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Touching the Sound

Posted at 2:09 PM on December 4, 2005 by Euan Kerr

I had a three movie Saturday, a rare but enjoyable event. "Chronicles of Narnia: The Lion the Witch and the Wardrobe" preview screening with the Movie Maven in the morning, (more on that later,) "Touch the Sound" in the early evening, and then "Rashomon" on DVD in the evening.

I really liked "Touch the Sound." One of the movies which has really stuck with me in recent years, in that I regularly find myself thinking back to scenes and images in the film, is "Rivers and Tides." It's a breathtakingly gorgeous documentary about Andy Goldsworthy, who creates sculptures from stones, leaves, sticks, icicles, and a host of other things he finds on his travels.

Now the director and cinematogapher behind "Rivers and Tides," Thomas Riedelsheimer, is back with a film about percussionist Evelyn Glennie, or perhaps more precisely Glennie's theories about sounds and how we listen to the world around us. To make "Touch the Sound," Riedelsheimer followed Glennie through a year of globe-trotting and music making. (Several hair colors too.)

There is a great deal of Glennie performing in the film, including in Grand Central Station and the Guggenheim in New York, with a Daiko group in Japan, and with composer Fred Frith in a deserted factory in Cologne, Germany.

Yet the most interesting and beautiful scenes focus on the sounds of the everyday world which they run into on their travels. There are the sounds of squeaking suitcase wheels, dripping taps, the click of heels on hard floors, and rumble of flags whipping in a strong wind.

A great deal has been made of the fact that Glennie lost almost all her hearing by her early teens, but in "Touch" it's only mentioned in passing, and even then it's as an explanation for Glennie's creative process. She has taught herself to 'hear' in other ways, which have allowed her to develop as a musician.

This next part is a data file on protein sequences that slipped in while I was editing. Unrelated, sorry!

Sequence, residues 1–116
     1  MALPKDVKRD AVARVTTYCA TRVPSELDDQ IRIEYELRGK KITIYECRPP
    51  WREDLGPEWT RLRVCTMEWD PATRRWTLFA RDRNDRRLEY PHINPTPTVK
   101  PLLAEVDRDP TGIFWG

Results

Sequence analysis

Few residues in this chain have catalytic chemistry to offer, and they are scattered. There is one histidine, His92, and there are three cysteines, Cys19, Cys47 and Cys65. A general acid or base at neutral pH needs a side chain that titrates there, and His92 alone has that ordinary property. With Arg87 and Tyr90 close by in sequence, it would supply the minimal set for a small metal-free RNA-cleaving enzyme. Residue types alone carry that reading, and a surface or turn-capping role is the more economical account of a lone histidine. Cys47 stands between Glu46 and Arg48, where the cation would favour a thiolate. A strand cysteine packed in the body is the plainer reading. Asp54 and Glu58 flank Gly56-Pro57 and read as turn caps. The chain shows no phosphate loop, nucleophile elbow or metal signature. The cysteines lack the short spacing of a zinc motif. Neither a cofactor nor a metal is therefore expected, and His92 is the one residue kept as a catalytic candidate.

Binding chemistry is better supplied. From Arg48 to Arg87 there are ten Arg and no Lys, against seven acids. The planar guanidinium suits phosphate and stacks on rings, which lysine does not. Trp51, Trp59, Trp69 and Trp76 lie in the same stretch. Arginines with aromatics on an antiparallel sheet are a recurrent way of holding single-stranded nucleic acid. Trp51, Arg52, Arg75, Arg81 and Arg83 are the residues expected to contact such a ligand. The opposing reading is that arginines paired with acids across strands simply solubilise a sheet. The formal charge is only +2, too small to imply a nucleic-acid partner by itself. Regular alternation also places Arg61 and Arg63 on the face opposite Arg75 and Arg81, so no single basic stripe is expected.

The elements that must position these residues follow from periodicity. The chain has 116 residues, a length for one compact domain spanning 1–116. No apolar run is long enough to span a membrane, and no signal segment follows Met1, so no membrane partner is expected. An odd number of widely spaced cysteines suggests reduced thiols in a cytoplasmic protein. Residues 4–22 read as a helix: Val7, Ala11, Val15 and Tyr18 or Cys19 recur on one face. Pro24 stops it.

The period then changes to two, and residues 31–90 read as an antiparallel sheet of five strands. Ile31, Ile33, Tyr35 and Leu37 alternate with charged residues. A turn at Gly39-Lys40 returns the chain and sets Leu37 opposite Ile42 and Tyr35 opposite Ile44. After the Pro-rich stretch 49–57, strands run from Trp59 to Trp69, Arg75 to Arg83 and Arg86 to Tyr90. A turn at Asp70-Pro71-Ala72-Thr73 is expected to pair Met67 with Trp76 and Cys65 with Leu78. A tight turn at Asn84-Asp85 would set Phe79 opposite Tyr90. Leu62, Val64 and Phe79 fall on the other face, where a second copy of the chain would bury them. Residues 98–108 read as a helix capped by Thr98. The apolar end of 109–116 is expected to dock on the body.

Instead Riedelsheimer focuses on sound and evocative images depicting soundwaves. The sound design on this film is magnificent too, isolating tiny sonic moments and presenting them beautifully.

As in "Rivers and Tides" there are remarkable moments: the ripples on a pond, and the shadows of people and a dog walking across an opaque floor, shot from below. Using these images, and many other like them, Riedersheimer walks a fine line between adding to the film experience as opposed descending into cliche. He has a deft touch and never strays over that line.

This is a film which music lovers will truly appreciate, as will anyone else prepared to just let themselves go with the flow.

A couple of friends have told me they walked out of William Eggleston in the Real World saying the wind-crushed audio, and the unedited video just bugged the heck out of them. I'm looking forward to finding out what, if anything, they think of "Touch the Sound."

December 2005
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